Knowing what to do and how to act in the event of an emergency can help us in many situations in life. Accidents can happen at work or at home and it’s important to know how to react. That’s why I’d like to share my experience at Iberdrola.
In the department I work in, I have received training on how to rescue colleagues in the event of an earthquake, fire, evacuation from buildings and first-aid. I’m what we call a safety officer, and I’m responsible for ensuring that all Iberdrola employees evacuate the offices when something like this happens.
One essential point I’ve learned is to keep my cool so as to act quickly and calmly. This inspires trust in the injured person or in the group we are leading, which helps to ensure that the techniques and procedures that need to be followed are carried out properly and without delay.
It is important to highlight that prevention is always the best way to avoid limit or risk situations. It is fundamental to have a group of well-trained professionals and well-defined action and implementation plans at the facilities, in order to ensure the following: evacuation routes should be properly signposted, the signs for safe areas should be followed, people should know the emergency exits and they should always be kept clear of any obstacles, there should be a first-aid kit and people should know where fire extinguishers are located and how to operate them.
I work in the Iberdrola Mexico corporate building and in my experience as a safety officer, I’ve had to act on three occasions: the first of these was on 4 November 2008. I remember the date very clearly because it was on that day that the then secretary of Governance, Juan Camilo Mouriño, died when his aircraft crashed onto a street near our headquarters in Mexico.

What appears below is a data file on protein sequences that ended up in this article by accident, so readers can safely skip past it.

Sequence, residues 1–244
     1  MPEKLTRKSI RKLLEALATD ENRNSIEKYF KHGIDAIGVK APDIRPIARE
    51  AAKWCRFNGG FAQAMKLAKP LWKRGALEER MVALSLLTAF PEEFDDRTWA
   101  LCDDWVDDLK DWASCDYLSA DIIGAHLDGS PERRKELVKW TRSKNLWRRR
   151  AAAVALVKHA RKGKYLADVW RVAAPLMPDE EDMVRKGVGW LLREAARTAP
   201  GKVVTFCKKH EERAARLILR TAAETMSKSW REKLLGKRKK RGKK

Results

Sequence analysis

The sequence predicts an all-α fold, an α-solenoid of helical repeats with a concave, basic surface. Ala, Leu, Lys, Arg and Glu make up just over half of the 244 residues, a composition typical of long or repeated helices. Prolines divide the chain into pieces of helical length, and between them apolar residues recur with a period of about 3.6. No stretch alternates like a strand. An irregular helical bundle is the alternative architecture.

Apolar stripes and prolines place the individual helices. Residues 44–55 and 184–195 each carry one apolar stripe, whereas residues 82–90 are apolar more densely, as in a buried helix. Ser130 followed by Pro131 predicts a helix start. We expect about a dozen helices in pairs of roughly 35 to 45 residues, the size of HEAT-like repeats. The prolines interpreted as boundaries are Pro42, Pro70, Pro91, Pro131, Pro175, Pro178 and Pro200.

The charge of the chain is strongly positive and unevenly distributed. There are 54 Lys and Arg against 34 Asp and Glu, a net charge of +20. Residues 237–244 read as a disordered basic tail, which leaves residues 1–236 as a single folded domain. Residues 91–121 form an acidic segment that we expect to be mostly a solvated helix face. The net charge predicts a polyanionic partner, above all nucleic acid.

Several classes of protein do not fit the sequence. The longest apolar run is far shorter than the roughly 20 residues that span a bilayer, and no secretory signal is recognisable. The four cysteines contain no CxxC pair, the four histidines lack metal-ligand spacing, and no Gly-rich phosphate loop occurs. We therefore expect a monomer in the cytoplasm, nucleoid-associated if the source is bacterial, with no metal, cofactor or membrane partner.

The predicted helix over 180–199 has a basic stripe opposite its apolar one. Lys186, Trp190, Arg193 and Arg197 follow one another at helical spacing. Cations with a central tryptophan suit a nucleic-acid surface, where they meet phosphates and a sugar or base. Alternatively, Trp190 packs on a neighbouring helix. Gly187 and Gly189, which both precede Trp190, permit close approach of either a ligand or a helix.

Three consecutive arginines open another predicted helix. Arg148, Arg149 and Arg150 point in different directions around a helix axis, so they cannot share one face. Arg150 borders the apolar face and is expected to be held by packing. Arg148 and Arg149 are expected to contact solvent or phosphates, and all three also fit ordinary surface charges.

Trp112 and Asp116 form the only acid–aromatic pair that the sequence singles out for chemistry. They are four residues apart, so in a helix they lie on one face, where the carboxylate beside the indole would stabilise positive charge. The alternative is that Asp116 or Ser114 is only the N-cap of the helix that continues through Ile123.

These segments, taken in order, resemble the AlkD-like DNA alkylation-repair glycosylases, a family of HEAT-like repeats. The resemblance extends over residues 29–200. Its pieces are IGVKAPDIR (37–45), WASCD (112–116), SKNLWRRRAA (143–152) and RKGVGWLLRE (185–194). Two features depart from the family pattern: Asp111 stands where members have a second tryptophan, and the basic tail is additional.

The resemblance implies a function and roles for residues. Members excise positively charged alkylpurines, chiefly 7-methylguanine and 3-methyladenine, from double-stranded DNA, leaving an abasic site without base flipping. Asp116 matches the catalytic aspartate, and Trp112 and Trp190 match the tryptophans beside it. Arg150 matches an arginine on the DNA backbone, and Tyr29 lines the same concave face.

It was around 18:45 and I was still in the office when we suddenly felt the building shake and there was a power cut. At that time, I didn’t know what was going on and my initial reaction was to analyse the situation, rule out an earthquake and keep calm.
Then we immediately saw a huge explosion out the window. I made sure that my colleagues were OK, we retreated into the safety area and proceeded to evacuate the building via the fire escape staircase.
The second time was three or four days after the air crash and the reason was a strong smell of gas on the street. The emergency corps, such as Civil Protection, Public Safety and the heroic fire-fighters from Mexico City were mobilised.
My work, and that of my fellow safety officers, was to keep all our colleagues calm and coordinate with the relevant authorities to evacuate the office. This was because of the risk of an explosion, which fortunately didn’t happen. The authorities explained that the emergency had started because of a leak of a chemical called mercaptan, which is used to give natural gas a smell and be able to differentiate when there is a leak.
The third occasion was when I had to give first-aid to a colleague that fainted following a decompensation episode. Luckily, within a few seconds of administering first-aid, my colleague regained consciousness.
These experiences have shown me the importance of this great work and reinforced my ability to react in the emergency situations that might arise. I hope this post helps to raise awareness of the importance of prevention and of reacting fast, because every second that goes by is a matter of life or death for someone that’s injured or in a hazardous situation.